(First semester -—odd years/3 credits)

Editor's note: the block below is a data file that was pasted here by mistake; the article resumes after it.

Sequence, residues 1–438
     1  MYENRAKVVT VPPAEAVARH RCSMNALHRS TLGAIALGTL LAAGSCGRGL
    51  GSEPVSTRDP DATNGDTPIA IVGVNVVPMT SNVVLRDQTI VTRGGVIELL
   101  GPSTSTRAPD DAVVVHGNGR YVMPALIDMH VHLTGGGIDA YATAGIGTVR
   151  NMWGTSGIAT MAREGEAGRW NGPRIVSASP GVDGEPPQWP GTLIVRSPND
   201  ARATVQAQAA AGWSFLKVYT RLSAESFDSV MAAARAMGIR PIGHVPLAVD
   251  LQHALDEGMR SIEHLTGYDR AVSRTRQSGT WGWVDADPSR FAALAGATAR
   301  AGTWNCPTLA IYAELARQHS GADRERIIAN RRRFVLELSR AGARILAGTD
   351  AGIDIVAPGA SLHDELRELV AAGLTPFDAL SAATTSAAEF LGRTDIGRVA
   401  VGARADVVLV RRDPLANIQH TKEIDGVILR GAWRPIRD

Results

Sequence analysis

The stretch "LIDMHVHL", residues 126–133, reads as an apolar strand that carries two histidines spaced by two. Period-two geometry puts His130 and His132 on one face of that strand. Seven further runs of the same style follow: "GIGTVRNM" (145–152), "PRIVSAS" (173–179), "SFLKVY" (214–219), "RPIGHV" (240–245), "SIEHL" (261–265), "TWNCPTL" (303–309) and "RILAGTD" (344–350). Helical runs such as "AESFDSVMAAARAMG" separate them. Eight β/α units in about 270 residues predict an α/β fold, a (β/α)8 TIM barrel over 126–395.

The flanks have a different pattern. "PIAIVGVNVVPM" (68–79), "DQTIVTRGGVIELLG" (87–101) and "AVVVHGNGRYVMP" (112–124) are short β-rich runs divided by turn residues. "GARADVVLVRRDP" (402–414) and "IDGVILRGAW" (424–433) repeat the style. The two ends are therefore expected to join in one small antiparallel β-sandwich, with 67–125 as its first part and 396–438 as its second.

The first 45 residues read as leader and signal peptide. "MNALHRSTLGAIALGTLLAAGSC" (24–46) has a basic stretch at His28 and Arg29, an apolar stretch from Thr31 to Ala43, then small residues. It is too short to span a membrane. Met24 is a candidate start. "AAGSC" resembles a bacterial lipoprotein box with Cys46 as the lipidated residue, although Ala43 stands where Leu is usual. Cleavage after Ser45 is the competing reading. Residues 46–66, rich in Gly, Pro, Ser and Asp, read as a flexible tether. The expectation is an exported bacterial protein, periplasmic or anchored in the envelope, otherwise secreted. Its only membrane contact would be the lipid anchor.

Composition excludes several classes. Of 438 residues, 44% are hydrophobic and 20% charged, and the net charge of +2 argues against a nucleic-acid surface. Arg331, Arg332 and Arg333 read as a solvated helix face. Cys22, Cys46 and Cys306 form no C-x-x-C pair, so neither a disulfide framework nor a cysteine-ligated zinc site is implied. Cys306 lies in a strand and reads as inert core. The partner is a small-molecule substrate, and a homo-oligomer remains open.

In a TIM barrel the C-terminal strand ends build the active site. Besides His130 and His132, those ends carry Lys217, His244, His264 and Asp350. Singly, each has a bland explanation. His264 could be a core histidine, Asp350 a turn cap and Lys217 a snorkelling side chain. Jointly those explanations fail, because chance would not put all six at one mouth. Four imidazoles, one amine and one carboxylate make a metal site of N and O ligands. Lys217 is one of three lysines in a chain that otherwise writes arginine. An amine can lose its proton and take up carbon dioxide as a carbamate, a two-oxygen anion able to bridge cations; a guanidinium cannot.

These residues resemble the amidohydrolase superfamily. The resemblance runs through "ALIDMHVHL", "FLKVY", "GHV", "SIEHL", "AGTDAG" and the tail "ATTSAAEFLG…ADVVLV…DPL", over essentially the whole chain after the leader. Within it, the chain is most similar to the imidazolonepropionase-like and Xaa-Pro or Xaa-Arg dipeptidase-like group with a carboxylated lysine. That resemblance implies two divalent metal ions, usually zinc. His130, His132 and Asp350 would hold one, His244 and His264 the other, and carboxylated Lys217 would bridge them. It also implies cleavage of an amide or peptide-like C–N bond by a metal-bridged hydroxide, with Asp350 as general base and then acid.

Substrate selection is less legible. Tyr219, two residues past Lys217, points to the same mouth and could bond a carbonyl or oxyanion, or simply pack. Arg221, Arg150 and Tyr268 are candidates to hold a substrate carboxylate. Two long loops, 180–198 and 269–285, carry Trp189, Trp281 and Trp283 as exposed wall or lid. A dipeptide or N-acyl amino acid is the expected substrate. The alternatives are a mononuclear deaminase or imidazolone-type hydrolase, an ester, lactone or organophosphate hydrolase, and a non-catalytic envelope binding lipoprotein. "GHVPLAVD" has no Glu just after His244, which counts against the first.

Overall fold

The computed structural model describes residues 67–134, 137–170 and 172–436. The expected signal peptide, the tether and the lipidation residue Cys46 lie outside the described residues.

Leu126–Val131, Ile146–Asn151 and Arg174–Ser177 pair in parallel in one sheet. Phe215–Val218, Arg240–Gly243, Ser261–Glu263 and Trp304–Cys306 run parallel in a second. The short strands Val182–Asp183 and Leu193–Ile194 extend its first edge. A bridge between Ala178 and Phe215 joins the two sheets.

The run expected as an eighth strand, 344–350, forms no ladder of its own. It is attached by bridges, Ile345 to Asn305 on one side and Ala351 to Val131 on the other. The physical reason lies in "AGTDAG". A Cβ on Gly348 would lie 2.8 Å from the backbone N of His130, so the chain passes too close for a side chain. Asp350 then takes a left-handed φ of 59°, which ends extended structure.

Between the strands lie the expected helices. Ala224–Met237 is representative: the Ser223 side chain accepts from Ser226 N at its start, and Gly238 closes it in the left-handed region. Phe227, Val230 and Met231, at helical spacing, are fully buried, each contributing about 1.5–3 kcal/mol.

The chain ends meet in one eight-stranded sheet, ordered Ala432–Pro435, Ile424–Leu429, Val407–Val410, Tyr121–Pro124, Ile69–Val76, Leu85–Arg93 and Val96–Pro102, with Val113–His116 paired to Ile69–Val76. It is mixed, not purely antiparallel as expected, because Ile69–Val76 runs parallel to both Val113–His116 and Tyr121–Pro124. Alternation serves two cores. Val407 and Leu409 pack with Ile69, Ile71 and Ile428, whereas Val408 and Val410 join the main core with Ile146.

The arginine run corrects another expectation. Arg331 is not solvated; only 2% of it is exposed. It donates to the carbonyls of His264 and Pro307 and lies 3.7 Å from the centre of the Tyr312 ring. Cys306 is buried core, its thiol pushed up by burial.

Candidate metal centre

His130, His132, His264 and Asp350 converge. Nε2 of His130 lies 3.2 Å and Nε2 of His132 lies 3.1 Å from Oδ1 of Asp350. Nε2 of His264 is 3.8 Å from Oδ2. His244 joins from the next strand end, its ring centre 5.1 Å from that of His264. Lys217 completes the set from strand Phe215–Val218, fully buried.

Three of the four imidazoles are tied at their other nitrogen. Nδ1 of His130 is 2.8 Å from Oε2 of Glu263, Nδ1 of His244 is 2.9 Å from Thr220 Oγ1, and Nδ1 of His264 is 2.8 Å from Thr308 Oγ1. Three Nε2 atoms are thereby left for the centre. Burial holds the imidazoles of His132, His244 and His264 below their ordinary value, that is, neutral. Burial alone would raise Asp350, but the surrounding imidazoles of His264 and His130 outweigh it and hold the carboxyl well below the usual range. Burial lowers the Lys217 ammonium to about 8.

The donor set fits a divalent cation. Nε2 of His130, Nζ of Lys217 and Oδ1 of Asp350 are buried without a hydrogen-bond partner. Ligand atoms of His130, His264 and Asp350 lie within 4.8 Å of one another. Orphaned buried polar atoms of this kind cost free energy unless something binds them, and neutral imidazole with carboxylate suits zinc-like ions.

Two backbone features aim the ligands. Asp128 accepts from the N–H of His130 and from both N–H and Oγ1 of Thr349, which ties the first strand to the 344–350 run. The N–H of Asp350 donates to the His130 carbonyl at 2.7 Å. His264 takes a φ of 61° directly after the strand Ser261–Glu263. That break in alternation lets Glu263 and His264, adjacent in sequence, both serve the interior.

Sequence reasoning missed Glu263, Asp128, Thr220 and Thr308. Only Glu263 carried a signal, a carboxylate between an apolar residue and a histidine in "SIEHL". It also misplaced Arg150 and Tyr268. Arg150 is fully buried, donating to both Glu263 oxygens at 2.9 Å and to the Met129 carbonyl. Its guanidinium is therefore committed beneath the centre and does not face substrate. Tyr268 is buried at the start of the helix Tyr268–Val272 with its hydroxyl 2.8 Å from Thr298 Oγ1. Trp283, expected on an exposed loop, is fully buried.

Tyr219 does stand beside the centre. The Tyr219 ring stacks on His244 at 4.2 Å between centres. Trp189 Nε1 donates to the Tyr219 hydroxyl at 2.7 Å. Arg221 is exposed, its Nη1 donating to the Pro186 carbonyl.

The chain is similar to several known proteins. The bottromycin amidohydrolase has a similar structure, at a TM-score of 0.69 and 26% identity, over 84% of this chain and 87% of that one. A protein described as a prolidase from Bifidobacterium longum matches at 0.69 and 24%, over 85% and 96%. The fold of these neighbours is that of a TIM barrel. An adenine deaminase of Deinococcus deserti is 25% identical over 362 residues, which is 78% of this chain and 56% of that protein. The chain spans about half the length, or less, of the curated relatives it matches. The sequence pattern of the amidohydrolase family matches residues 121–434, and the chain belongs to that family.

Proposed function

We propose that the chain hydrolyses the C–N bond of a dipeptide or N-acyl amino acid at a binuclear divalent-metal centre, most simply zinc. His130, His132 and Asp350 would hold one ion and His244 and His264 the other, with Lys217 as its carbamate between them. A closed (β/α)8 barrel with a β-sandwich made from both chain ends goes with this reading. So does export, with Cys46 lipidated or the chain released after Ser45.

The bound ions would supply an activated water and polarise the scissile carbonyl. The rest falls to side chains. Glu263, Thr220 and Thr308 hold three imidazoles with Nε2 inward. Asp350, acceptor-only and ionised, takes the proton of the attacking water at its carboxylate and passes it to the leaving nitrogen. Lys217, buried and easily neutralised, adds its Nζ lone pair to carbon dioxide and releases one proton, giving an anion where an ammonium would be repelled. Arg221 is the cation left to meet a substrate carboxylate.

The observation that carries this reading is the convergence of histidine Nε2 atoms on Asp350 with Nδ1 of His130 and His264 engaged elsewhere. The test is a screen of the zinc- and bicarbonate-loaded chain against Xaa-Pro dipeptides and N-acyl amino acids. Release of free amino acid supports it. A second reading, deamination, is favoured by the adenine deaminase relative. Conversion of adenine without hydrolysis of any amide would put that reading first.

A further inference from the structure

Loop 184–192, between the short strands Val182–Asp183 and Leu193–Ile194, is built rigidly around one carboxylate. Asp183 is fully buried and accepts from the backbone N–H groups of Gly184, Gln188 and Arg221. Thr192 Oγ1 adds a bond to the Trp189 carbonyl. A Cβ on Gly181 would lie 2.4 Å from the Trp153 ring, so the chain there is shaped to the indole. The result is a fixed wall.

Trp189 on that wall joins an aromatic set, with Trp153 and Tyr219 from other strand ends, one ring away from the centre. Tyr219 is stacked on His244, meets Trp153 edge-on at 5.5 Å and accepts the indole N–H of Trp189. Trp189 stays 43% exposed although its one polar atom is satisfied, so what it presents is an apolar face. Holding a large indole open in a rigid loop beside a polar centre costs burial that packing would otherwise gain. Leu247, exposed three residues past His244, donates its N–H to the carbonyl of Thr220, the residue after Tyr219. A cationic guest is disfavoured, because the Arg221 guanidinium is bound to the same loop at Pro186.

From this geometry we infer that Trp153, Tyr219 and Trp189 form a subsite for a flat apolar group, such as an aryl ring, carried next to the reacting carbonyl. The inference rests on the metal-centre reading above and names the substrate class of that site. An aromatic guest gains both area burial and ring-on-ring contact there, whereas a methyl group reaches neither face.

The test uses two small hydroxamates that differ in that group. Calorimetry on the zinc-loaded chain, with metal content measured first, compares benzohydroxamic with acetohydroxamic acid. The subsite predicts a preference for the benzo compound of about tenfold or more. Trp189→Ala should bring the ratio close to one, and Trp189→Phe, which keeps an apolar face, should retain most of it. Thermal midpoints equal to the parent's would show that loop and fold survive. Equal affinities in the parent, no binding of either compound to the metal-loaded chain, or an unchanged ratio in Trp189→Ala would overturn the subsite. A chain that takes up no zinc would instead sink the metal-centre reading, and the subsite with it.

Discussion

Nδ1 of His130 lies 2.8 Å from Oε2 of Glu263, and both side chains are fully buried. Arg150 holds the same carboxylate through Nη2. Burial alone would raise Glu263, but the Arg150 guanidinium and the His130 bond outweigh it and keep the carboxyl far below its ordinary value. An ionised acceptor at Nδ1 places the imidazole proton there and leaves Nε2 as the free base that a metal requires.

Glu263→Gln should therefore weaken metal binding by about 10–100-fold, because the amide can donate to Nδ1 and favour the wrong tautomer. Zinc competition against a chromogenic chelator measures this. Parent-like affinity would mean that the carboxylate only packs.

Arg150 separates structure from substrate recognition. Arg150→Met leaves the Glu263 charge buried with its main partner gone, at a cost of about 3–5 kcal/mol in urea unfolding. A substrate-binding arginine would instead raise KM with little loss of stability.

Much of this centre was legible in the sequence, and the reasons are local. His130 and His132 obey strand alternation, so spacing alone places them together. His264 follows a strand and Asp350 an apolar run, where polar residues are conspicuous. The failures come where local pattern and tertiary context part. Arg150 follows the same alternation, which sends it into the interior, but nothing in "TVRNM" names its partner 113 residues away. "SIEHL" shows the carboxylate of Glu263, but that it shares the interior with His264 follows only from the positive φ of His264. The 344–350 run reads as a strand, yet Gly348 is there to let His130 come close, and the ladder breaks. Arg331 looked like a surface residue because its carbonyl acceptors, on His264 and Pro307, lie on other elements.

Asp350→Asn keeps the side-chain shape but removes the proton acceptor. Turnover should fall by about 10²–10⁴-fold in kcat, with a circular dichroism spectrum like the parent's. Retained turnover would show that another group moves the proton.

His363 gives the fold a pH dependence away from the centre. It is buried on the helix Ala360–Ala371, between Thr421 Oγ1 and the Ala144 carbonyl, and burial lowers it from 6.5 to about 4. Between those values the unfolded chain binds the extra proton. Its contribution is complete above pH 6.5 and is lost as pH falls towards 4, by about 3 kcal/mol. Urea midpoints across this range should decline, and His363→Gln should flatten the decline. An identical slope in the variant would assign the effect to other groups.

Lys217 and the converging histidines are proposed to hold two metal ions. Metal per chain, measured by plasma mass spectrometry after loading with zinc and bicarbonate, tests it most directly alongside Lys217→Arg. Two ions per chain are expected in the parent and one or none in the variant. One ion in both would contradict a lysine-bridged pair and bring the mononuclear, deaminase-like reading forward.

This course explores the impact of historical events on the lives of American women and the varied roles women have played in shaping United States’ history from the colonial period to the present. It will focus specifically on how class, ethnicity and race has influenced American women’s work, family life and organized activities. Topics include: Native American women’s lives; gender and family life under slavery; the impact of industrialization on women of different classes; the ideology of separate spheres; women’s political activities including the antislavery movement, the suffrage movement, the Nineteenth Amendment and the resurgence of feminism in the 1960s; and transformations in the lives of modern women including work, politics, sexuality, consumption patterns and leisure activities. While tracing larger trends and identifying common experiences, the course pays close attention to the specific experiences of individual women in order to shed light on the differences and divisions among them. Throughout, it investigates the ways in which notions of gender difference have changed over time and how a wide variety of women both created and responded to shifting and contested cultural, political and social roles.